Non-motoring > Washing machine query Accessories and Parts
Thread Author: legacylad Replies: 9

 Washing machine query - legacylad
Is it me but every few years the red/blue plastic taps, which turn through 90 degrees to allow water into the machine, round off. And I only turn the washer on once a week !
Any metal alternatives ?
In the meantime I’ll revert to using pliers....I suppose you could leave the water supply permanently on but I’d ( irrationally) prefer not to.
 Washing machine query - sooty123
I don't think I've ever touched them, apart from fitting a new washing machine. All the houses we've had they've tucked away behind the machine making it difficult to turn them on/off frequently.

I guess you could fit the metal one that are common in houses but you'd need a screwdriver to turn the valve.
 Washing machine query - bathtub tom
>> I guess you could fit the metal one that are common in houses but you'd
>> need a screwdriver to turn the valve.

I started fitting those for rarely necessary occasions, lavatory cistern, loft tanks. One in the loft started leaking past the screw. May have been leaking slowly for a long time before water started dripping out of a bedroom light fitting. Completely soaked much of the insulation that was a pain to then remove, but at least the ceilings stayed up.
 Washing machine query - MD
Ballafix valves, those that require a screwdriver should be bought, then immediately thrown in the nearest skip. They all leak.

Buy the lever variety.
 Washing machine query - henry k
>>....I suppose you could leave the water supply permanently on but I’d ( irrationally) prefer not to.
Never in my life have I had easy access to the water supply taps for our washing machines so they have always been left on.
Always had metal versions not plastic. Now our machine is cold fill only my risk is halved ? :-)
 Washing machine query - martin aston
I have never had issues with the hose taps on washing machines or dishwashers over many years. They are always left on. I have however had leaks past the screw on the screw type. My plumber confirms they are often prone to leaks. The last one I replaced in the feed to a boxed-in WC cistern I left a blue kitchen cloth knotted below it to wick away any drips and check it every few months. It’s been OK so far.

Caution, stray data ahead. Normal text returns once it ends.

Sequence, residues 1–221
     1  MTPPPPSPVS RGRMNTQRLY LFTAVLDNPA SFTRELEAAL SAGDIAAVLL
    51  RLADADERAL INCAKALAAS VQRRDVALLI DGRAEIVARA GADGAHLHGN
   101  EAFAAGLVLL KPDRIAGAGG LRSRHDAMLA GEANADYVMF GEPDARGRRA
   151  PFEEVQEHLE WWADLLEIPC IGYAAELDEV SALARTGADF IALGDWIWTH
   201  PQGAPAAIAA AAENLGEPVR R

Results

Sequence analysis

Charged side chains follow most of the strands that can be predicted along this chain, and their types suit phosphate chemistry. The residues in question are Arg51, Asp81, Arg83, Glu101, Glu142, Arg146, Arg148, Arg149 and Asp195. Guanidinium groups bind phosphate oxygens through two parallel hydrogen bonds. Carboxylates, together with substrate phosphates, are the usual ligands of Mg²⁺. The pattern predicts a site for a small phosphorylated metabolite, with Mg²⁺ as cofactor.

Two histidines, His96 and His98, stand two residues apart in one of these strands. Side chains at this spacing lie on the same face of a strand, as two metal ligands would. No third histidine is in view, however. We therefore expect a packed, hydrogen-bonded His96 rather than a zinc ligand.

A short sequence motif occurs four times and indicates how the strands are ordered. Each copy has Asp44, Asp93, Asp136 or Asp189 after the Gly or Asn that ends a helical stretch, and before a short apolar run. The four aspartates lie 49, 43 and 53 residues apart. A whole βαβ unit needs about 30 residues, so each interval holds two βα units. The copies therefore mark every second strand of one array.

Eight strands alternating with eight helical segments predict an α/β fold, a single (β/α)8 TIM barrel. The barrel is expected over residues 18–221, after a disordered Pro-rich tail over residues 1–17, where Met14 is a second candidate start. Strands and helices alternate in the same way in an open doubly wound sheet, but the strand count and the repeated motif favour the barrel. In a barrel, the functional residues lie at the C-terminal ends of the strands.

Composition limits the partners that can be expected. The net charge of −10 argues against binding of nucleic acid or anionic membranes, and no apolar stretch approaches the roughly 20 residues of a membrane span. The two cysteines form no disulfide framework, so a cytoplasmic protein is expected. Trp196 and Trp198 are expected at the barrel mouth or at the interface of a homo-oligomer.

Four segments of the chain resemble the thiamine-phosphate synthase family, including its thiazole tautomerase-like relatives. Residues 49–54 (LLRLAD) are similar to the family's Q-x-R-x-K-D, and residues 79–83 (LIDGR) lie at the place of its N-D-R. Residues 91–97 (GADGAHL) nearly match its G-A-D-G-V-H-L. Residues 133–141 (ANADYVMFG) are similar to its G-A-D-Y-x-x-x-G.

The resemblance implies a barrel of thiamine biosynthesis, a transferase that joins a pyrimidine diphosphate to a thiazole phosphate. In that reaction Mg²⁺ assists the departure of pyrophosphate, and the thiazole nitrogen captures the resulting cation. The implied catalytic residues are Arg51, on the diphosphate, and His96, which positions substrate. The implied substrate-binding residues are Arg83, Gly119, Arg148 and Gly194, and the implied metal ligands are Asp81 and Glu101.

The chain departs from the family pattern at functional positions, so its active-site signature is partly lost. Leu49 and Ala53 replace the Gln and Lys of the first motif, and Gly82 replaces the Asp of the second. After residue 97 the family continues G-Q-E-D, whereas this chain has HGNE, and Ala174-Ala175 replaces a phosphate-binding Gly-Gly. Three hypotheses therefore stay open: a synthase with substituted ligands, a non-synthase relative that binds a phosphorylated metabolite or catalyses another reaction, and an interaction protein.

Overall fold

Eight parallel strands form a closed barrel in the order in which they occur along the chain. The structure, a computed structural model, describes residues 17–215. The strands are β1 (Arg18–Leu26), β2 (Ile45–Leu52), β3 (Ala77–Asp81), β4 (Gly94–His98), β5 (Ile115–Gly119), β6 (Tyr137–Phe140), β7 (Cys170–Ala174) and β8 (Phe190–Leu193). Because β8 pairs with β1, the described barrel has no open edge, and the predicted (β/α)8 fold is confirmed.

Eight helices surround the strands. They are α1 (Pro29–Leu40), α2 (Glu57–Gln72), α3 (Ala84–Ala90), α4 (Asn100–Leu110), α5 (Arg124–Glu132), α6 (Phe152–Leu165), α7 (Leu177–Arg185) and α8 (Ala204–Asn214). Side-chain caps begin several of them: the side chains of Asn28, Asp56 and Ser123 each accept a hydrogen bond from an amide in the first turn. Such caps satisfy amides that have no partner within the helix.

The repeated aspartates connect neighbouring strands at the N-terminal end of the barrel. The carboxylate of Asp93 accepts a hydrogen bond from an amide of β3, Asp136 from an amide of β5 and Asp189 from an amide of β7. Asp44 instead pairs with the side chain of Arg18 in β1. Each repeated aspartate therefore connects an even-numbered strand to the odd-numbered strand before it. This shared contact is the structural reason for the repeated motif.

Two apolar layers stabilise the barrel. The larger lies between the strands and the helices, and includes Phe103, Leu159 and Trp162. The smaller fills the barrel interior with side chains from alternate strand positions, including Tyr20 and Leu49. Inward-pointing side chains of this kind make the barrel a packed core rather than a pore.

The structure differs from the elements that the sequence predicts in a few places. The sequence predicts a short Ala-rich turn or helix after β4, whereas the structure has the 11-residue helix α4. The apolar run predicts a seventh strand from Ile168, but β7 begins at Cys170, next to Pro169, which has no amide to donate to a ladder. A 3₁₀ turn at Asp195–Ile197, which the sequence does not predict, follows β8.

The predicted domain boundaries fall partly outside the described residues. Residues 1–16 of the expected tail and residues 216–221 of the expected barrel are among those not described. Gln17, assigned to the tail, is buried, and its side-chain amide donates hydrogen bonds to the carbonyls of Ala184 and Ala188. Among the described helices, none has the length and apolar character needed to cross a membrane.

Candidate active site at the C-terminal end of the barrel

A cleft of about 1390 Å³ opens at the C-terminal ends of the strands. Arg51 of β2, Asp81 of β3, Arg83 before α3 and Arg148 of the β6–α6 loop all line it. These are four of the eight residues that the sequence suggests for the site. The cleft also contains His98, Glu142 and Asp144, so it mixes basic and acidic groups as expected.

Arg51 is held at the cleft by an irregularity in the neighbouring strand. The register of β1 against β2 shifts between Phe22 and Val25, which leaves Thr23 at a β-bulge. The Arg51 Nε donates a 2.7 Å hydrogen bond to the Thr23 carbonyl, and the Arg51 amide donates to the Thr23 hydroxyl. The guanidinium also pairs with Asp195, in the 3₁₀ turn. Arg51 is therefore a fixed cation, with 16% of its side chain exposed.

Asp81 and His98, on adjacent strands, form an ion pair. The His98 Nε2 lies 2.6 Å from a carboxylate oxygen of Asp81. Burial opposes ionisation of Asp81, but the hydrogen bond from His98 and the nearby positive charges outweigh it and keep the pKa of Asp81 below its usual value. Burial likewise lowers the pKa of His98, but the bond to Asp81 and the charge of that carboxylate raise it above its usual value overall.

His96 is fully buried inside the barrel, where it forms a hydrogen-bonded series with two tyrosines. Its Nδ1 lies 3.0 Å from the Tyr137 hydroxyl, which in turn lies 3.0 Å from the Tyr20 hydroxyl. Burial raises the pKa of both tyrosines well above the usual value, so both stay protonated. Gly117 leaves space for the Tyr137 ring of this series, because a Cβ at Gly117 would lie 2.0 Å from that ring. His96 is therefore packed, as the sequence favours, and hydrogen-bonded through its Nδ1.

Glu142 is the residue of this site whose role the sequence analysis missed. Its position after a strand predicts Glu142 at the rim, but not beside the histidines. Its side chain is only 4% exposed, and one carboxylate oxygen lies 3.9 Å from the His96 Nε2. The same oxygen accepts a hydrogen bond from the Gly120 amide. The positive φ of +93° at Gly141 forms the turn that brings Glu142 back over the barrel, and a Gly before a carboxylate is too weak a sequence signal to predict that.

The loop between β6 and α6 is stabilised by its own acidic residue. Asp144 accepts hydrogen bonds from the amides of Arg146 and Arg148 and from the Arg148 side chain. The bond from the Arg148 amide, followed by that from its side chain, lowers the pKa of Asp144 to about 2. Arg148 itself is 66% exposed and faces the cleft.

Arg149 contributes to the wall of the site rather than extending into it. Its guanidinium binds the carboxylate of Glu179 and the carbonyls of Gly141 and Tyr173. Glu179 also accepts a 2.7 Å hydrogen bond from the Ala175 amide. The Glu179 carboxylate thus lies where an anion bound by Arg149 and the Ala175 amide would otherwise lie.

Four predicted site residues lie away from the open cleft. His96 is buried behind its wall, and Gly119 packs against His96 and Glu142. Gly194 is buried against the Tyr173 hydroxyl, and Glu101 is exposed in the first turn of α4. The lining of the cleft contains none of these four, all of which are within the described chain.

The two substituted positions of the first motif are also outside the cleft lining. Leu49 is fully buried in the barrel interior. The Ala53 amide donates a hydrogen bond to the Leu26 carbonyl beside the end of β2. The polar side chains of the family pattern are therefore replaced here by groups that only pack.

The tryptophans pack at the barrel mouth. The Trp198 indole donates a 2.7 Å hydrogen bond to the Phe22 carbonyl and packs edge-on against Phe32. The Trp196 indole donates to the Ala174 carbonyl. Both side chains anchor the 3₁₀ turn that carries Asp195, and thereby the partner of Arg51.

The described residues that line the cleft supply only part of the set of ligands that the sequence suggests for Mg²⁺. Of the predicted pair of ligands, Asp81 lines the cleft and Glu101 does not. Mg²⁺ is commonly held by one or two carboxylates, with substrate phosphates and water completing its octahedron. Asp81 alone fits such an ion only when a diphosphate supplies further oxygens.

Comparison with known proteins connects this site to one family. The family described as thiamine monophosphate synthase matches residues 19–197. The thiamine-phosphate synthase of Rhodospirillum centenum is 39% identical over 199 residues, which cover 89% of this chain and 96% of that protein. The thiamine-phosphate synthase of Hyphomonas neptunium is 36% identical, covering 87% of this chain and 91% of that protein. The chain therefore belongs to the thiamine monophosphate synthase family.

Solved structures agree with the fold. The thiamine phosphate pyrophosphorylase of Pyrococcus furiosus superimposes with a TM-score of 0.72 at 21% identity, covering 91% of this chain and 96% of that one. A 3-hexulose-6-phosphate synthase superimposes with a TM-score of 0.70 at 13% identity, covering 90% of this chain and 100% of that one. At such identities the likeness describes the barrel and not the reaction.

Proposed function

I suspect none of these fittings is very well engineered but that the ones fitted with the taps may be inherently better. Has anyone ever taken either type apart?
 Washing machine query - legacylad
Since removing an internal wall and turning the kitchen into a galley kitchen, thus losing one wall of storage and floor cupboards, the washing machine has lived in my garage.
I extended the CW feed and the blue plastic tap was directly behind the washer, easily accessible and I suppose I got into the habit of turning it on whenever the machine needed water.

Henceforth I’ll leave it permanently on, only turning off the garage CW feed when I go away.
 Washing machine query - Kevin
I've always understood the small 90o ball valves to be service valves. ie You leave them open until you need to isolate some particular section of pipework at which point you turn them to start them leaking.
 Washing machine query - hawkeye
I had this issue with a rental I used to look after. Tap well hidden behind a machine I went to change. Tap was loose with a big conical hole where it should have had flats to grip the shank. Difficult to prove but it seemed to me that the machine might have been nudging the tap on the spin cycle. I laid some timber against the skirting to keep the new machine away from the cold water feed.
 Washing machine query - Dave_
The red/blue plastic taps are designed for servicing purposes rather than daily use. If the connection doesn't leak when in use, there's no rational reason to turn them off. Washing machine internals are all robot-assembled now, with every connection set to the correct torque.

Washing machine hoses are best connected by smearing vaseline on the rubber washer, then screwing on hand-tight and not using tools. The washer can bear far more than your domestic water pressure as long as the hose isn't overtightened with tools.
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